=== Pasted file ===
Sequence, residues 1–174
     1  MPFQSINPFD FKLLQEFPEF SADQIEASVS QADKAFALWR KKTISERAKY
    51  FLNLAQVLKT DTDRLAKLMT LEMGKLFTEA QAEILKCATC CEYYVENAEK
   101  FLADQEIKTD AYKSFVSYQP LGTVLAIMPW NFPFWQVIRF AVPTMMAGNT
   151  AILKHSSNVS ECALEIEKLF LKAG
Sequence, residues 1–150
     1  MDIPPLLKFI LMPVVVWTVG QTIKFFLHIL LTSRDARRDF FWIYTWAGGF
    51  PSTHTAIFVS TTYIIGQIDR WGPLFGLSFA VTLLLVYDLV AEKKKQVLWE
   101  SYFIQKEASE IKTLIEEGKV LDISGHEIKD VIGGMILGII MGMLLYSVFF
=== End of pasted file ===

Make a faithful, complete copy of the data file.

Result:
Sequence, residues 1–174
     1  MPFQSINPFD FKLLQEFPEF SADQIEASVS QADKAFALWR KKTISERAKY
    51  FLNLAQVLKT DTDRLAKLMT LEMGKLFTEA QAEILKCATC CEYYVENAEK
   101  FLADQEIKTD AYKSFVSYQP LGTVLAIMPW NFPFWQVIRF AVPTMMAGNT
   151  AILKHSSNVS ECALEIEKLF LKAG
Sequence, residues 1–150
     1  MDIPPLLKFI LMPVVVWTVG QTIKFFLHIL LTSRDARRDF FWIYTWAGGF
    51  PSTHTAIFVS TTYIIGQIDR WGPLFGLSFA VTLLLVYDLV AEKKKQVLWE
   101  SYFIQKEASE IKTLIEEGKV LDISGHEIKD VIGGMILGII MGMLLYSVFF